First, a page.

The Inland Wetland Conservation Program (IWCP) was developed as one approach to achieving the objectives of the Central Valley Habitat Joint Venture (CVHJV; see description under Partnerships for Waterfowl on p. 24). Those objectives include enhancement of wetlands and other waterfowl habitat on private lands. The IWCP works with private landowners to achieve these objectives in two ways: by providing technical and cost-share assistance in developing and implementing management plans or habitat restoration projects; and by purchasing conservation easements or full title to wetland habitats from willing sellers. The IWCP can also play a part in more innovative arrangements, such as the ricelands pilot program. The CVHJV member organizations understand that the needs and priorities of no two private landowners will be precisely alike. Therefore, considerable flexibility has been built into the Inland Wetland Conservation Program.
How the program works
Restoration and enhancement projects: The habitat improvement component of the IWCP operates in conjunction with a local nonprofit, special district, or other government agency, which acts as a local sponsor to oversee and administer the project after the Wildlife Conservation Board has agreed to provide cost-share assistance. Landowners interested in improving wetland habitat on their property first contact staff of the Wildlife Conservation Board or the local sponsor. A working group is assembled, consisting of the landowner, a field biologist from the state, and staff from the local sponsor and the WCB. The group meets on the property to discuss the possibilities for habitat enhancement. If the landowner wishes to proceed, a management plan is developed that describes the measures to be taken to establish and maintain habitat improvements. Typical enhancement efforts include but are not limited to: constructing levees and water control structures; cultivating and planting grain for winter feeding; and constructing brood-rearing ponds. The plan and proposed matching assistance is submitted to the Board for approval.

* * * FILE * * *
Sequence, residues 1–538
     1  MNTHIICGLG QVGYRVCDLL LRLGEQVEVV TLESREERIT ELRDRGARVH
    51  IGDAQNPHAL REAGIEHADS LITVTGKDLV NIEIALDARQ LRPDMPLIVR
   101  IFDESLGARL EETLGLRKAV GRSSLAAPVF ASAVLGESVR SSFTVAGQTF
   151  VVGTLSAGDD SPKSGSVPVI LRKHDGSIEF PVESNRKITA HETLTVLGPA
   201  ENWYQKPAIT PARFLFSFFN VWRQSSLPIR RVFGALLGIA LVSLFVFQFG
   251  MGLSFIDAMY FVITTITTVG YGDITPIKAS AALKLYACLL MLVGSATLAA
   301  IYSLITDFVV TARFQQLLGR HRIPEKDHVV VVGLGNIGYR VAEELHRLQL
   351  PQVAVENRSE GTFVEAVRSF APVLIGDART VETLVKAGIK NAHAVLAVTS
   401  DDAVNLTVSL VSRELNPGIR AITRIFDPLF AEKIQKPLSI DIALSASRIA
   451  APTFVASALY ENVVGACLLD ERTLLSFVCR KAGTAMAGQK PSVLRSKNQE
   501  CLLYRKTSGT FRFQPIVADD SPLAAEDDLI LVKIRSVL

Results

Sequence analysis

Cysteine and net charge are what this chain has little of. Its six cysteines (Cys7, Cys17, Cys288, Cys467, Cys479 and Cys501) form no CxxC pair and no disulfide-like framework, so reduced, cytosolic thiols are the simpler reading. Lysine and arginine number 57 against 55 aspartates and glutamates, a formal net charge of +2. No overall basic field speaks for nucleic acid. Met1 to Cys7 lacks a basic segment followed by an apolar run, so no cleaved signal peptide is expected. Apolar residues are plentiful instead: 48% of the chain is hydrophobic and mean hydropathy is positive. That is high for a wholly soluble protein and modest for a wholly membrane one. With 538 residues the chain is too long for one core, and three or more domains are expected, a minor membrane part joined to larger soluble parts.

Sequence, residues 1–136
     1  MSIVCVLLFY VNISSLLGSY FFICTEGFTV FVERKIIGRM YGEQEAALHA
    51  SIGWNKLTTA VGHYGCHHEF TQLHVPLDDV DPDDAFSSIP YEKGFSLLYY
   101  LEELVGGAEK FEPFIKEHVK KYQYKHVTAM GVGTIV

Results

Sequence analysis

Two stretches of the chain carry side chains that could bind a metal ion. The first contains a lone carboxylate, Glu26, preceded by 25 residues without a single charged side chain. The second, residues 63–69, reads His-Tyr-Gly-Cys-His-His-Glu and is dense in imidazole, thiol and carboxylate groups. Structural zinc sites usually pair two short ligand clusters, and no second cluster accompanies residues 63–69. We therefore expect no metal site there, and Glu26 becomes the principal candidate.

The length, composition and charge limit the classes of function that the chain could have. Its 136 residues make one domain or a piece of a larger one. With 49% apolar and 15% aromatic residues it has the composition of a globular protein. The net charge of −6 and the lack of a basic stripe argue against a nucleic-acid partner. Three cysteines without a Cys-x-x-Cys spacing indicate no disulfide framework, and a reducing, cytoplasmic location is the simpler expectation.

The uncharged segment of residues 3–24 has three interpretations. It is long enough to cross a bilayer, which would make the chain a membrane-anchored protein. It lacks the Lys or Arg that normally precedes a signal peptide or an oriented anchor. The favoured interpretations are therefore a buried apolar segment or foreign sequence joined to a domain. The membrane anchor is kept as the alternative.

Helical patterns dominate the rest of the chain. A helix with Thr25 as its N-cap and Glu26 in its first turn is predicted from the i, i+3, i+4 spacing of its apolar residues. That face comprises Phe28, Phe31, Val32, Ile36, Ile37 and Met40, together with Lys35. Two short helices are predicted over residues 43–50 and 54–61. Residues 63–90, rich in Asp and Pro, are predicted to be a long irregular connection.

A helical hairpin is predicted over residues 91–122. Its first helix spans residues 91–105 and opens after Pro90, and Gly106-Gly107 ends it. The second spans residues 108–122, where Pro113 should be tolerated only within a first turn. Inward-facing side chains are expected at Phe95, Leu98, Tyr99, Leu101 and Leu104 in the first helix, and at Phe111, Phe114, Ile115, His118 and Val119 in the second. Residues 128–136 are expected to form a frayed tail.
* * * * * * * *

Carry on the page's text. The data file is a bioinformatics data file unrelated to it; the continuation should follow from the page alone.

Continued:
If approved, the Board's contribution to the project cost is passed on to the landowner through the local sponsor. The program offers up to 50 percent cost-share for effecting the improvements described in the plan. The landowner's share can be met through cash expenditures or in-kind services, such as providing for the long-term maintenance of the project. In addition, with assistance from members of the working group, the landowner is responsible for obtaining any permits or water rights necessary for the project.
Habitat protection: Landowners who are interested in protecting valuable wetlands on their property but are unable to commit to active management can enter into arrangements that achieve habitat preservation through restrictions on present and future uses of the land. These arrangements, which are made between WCB staff and the landowner, can take many forms, including permanent conservation easements, long-term leases, or outright sale of the wetland property. The Wildlife Conservation Board is required by law to pay fair market value for the purchase of land or a conservation easement. Given the landowner's needs, the goals of the program, and the variety of potential financial implications when transferring land rights, the Board and the landowner negotiate a transaction that is best suited to the landowner's situation.
The Inland Wetland Conservation Program is offered throughout the Central Valley, including the Butte, Colusa, Sutter, Yolo, American, and San Joaquin basins, Suisun Marsh, the Delta, and the Tulare Lake area. This program is financed by the State Habitat Conservation Fund, established for availability through 2020. For additional information, contact the Wildlife Conservation Board Wetlands Program Manager at (916) 445-1093.